Working rights

Sunil arrived in Australia on a Training visa. He came to Australia to follow his lifelong passion to be a chef and to learn about the culinary diversity of Australia. He started working at a hotel as part of his training and felt warm and welcomed by his colleagues. However, when he received his first pay cheque, he realised that substantial deductions were being taken from his pay which he never agreed to. The deductions were for accommodation in a tiny room in the Hotel with a shared bathroom; meals, which included leftovers from the hotel’s breakfast buffet (if there were any) and a lunch and dinner he or his colleagues would make themselves.

After lodging a complaint about his treatment, he was terminated from his traineeship, evicted from of his accommodation, and forced to live in a hostel. His employer also reported him to the Department who wrote to him about cancelling his Training visa. Sunil then applied for a Student visa in an attempt to continue his culinary training in Australia. That Student Visa was refused by the Department as they did not believe he was a “genuine” student given the pending cancellation of his Training visa and told him that “if he was serious about becoming a chef, he would have stayed with his employer on his Training visa”. The Department also called all of his allegations regarding his former employer “hearsay” and refused to give them any weight.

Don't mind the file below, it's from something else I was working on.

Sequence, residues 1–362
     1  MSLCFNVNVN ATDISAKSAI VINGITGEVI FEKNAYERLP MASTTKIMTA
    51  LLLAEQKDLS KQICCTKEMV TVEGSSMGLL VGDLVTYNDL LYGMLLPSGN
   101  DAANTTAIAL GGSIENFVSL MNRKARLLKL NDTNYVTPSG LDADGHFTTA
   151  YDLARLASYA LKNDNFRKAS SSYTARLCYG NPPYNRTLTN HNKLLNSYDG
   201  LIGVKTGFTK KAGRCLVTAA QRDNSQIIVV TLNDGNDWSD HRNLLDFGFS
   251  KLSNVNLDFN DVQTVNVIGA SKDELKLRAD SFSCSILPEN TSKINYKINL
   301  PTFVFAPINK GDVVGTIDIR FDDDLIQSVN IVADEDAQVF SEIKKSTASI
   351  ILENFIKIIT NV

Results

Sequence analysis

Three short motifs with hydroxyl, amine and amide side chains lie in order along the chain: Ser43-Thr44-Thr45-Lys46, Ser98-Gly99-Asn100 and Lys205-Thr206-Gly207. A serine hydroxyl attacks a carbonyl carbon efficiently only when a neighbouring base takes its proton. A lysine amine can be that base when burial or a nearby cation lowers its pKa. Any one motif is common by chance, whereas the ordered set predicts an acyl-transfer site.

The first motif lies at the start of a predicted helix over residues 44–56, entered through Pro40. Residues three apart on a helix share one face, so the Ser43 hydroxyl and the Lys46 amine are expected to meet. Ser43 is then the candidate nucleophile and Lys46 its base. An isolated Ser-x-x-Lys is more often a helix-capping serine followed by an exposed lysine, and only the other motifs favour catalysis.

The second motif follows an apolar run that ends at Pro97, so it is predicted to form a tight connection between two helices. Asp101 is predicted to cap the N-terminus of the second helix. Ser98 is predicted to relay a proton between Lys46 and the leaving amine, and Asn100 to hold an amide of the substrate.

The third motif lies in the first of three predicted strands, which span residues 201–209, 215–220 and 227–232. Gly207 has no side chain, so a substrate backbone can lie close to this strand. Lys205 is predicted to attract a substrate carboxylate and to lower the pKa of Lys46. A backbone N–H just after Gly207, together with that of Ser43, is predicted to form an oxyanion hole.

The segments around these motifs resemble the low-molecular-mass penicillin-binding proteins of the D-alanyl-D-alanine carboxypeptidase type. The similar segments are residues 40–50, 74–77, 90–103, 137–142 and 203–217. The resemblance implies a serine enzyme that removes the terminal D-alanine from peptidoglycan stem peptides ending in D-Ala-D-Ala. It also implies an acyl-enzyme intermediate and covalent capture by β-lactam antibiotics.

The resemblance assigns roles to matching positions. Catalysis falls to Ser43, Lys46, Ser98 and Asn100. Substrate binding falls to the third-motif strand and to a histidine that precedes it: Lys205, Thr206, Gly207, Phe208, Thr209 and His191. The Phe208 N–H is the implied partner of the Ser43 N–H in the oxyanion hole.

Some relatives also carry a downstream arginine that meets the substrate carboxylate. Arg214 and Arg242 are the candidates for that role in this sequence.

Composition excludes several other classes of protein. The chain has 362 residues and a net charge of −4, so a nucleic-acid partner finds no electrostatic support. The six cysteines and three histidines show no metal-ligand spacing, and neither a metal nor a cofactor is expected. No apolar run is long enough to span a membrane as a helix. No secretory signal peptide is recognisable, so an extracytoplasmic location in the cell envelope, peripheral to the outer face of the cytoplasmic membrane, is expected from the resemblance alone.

Sunil’s union then referred the matter to IARC through Visa Assist. IARC assisted Sunil appeal the decision to the Administrative Appeals Tribunal and provided submissions on his behalf. IARC attended Sunil’s tribunal hearing and made oral submissions on the day. The Tribunal was so persuaded by Sunil’s evidence and IARC’s submissions that the Tribunal remitted the matter on the same day, finding that Sunil is a “genuine student”. Sunil continues to study cookery in Australia and still dreams of being a chef and running his own restaurant one day.